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Quantum Class 2, Thurs 2022-09-01

1 Class 1

I edited the blog to show what we actually did.

2 Homework 2

is online, due Tues.

3 Theory vs Experiment

  1. Sometimes the theoreticians posit something new, then the experimentalists try to build it.

    1. atom bomb

    2. classical computer

    3. quantum computer

  2. Other times the experimentalists (aka hackers) build something new.

    1. bridges

    2. airplanes

    3. medieval cathedrals

    4. steam engines

    5. calculus

  3. Then those may become so successful that bigger and bigger ones are built until those collapse / crash / fall down / blow up / have paradoxes.

  4. Then the theoreticians have to come in and clean up the mess to allow more progress.

  5. They may look for unifying themes in apparently separate problems.

  6. Group theory in abstract (modern) algebra happened that way.

  7. Anything discovered about groups was then valid in all the applied areas.

  8. All theories have limits that may or may not be relevant.

  9. Paradoxes expose limits. "All triangles are isosceles" error exposes something not covered by Euclid's axioms.

  10. Physics Nobels tend to go to theoretical explanations of surprising experiments. Although, there is nothing in common among all Nobel winners, not even intelligence (according to Enrico Fermi).

  11. Very rarely, experimentalists do something that the theoreticians had proven was impossible.

    1. Galileo seeing sunspots.

    2. Marconi radioing across Atlantic.

    3. Michaelson-Morley. (However several other contemporaneous inexplicable observations all proved to have classical explanations.)

    and something new is discovered / invented. Unfortunately the crackpots then seize on these rare examples...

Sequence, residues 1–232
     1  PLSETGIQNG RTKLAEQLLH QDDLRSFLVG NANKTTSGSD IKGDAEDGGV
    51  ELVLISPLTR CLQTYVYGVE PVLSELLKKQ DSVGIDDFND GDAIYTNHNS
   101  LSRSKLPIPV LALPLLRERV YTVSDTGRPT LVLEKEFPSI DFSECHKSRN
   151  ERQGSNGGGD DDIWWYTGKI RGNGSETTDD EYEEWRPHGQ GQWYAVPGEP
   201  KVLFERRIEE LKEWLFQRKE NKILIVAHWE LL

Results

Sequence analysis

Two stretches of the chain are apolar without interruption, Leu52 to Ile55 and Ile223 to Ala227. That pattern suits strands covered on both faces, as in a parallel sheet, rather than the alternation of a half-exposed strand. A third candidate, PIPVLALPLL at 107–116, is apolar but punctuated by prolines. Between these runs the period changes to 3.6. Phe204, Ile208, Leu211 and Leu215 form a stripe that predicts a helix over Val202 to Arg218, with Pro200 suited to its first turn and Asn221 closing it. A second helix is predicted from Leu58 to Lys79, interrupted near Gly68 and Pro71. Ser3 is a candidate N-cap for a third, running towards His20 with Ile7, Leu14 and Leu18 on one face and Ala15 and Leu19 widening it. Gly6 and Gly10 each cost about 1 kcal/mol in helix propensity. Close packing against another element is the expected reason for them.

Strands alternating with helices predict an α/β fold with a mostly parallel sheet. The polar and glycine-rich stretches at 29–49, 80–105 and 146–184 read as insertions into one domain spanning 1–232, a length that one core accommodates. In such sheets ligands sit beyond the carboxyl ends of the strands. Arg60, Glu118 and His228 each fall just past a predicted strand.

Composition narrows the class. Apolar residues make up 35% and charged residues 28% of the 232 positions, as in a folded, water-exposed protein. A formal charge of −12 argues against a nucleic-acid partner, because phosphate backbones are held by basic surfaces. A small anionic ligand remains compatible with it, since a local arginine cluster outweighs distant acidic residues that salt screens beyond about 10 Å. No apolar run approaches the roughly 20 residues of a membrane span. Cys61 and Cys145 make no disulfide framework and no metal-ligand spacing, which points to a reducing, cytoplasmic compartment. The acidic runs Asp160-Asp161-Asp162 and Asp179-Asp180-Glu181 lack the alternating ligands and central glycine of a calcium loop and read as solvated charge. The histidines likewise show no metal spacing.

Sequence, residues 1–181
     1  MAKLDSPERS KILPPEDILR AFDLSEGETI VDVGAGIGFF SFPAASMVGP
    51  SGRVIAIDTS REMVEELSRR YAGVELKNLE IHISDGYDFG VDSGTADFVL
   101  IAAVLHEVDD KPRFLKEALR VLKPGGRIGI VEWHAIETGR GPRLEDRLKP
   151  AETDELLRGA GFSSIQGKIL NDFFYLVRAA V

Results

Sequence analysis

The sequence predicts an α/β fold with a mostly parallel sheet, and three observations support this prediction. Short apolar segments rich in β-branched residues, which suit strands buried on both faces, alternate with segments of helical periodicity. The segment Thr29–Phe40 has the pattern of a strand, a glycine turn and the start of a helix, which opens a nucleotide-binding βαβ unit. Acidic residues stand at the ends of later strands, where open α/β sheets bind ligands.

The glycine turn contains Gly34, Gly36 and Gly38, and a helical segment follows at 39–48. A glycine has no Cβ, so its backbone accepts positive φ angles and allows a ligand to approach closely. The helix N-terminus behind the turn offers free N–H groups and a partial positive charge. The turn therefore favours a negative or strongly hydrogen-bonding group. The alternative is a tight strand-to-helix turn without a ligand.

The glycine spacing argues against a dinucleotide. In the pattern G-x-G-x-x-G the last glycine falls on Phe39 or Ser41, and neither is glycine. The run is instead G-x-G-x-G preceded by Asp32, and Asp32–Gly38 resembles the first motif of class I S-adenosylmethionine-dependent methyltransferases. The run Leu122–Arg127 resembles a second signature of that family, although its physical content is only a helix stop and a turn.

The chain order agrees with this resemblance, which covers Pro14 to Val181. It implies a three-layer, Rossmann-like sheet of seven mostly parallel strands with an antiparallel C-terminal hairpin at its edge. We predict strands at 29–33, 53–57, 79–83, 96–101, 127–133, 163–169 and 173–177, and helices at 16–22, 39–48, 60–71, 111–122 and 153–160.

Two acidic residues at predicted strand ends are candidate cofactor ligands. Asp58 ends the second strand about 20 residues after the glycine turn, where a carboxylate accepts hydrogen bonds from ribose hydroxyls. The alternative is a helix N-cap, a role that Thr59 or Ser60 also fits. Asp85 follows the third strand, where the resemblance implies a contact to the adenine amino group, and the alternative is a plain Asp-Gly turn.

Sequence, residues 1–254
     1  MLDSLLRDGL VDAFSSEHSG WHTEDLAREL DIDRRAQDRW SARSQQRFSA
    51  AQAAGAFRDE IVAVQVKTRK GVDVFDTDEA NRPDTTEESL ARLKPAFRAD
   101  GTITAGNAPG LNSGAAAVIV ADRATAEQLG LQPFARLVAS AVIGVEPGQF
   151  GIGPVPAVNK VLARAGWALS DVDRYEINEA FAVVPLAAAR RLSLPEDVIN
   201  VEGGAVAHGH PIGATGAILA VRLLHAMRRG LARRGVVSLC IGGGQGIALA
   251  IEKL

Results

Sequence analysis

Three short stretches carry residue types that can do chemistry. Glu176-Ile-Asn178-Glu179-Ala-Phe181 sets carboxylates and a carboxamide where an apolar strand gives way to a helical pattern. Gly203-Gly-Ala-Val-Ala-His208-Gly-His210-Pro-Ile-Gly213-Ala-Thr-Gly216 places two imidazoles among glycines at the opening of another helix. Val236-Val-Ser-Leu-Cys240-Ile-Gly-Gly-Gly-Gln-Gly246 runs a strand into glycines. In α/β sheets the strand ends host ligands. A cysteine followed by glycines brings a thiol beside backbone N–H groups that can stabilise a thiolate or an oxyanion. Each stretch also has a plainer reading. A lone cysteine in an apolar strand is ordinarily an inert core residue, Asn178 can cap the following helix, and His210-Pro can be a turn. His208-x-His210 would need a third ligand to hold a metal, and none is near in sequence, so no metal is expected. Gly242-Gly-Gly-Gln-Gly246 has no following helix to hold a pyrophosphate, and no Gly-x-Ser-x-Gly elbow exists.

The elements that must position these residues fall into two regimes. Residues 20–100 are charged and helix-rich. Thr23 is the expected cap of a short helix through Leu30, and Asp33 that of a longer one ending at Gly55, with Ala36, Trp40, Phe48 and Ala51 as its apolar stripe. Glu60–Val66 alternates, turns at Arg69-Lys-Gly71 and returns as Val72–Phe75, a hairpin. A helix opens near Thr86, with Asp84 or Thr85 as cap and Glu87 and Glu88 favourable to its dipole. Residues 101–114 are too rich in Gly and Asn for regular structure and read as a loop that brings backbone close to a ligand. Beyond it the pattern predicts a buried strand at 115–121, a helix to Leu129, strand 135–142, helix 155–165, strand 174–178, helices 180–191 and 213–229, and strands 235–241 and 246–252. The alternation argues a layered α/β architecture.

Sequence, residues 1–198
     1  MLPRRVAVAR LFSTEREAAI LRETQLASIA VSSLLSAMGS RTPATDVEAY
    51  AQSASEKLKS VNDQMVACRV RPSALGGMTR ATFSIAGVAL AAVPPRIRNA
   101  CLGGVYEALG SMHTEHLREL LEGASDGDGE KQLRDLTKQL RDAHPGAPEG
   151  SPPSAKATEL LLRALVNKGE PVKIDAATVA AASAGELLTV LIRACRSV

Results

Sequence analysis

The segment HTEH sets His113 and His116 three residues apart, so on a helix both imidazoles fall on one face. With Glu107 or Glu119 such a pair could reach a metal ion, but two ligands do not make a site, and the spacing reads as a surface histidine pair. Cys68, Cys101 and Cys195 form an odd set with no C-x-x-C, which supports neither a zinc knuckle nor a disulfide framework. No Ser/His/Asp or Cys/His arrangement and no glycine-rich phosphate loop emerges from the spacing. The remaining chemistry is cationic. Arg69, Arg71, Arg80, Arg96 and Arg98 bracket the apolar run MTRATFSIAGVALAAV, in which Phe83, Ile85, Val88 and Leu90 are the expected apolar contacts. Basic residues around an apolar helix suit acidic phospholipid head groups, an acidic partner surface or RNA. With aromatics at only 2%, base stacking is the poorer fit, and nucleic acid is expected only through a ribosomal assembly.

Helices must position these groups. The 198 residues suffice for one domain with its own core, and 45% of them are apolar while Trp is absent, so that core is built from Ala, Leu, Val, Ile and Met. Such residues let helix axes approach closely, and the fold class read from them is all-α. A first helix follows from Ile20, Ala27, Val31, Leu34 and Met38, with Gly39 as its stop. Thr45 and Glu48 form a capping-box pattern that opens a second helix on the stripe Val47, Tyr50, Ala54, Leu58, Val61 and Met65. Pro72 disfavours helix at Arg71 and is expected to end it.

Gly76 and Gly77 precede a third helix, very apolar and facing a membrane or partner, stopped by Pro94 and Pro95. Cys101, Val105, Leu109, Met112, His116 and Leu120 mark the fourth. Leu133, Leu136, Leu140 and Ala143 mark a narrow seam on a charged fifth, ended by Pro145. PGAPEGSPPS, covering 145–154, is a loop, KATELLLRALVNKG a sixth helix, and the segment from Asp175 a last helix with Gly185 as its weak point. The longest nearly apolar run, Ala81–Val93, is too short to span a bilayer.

4 Video

  1. Quantum Computing in Under 11 Minutes daytonellwanger 10:56 more technical

5 Intro to quantum computing

  1. This is from

    1. Yanofsky and Mannucci, Quantum Computing for Computer Scientists,

    2. Hidary, 2nd edition, and

    3. my opinions.

  2. Isomorphism between geometry and algebra. Work in whichever domain is easier. Results carry over.

    1. 2D: x+ij -> (x,y)

    2. 3D: quaternions. 3D rotations are not commutative, and so quaternions are not. There's a memorial on a bridge in Trinity College Dublin where William Rowan Hamilton thought of them. Quaternions are equivalent to 3D vector algebra.

    3. qbits - Bloch sphere.

  3. qbits vs qubits? Above my pay grade.

  4. Evidence for quanta:

    1. 1905 photo-electric effect explanation. Einstein Nobel.

    2. Ultraviolet catastrophe.

    3. 1922 Stern Gerlach experiment. Very influential.

  5. Hidary 1.1 Quantum Computer Definition, p 3

    A quantum computer is a device that leverages specific properties de- scribed by quantum mechanics to perform computation.

  6. State vector

    1. completely describes a system

    2. cannot be directly observed, only measured...

    3. which changes it.

  7. Hidary 1.1 Superposition and Entanglement, p 4

    2 big properties.

  8. bra-ket notation.

  9. can rewrite a state vector in a different basis

  10. Hidary 1.3 The Superposition Principle, p 4

    1. "The linear combination of two or more state vectors is another state vector in the same Hilbert space and describes another state of the system."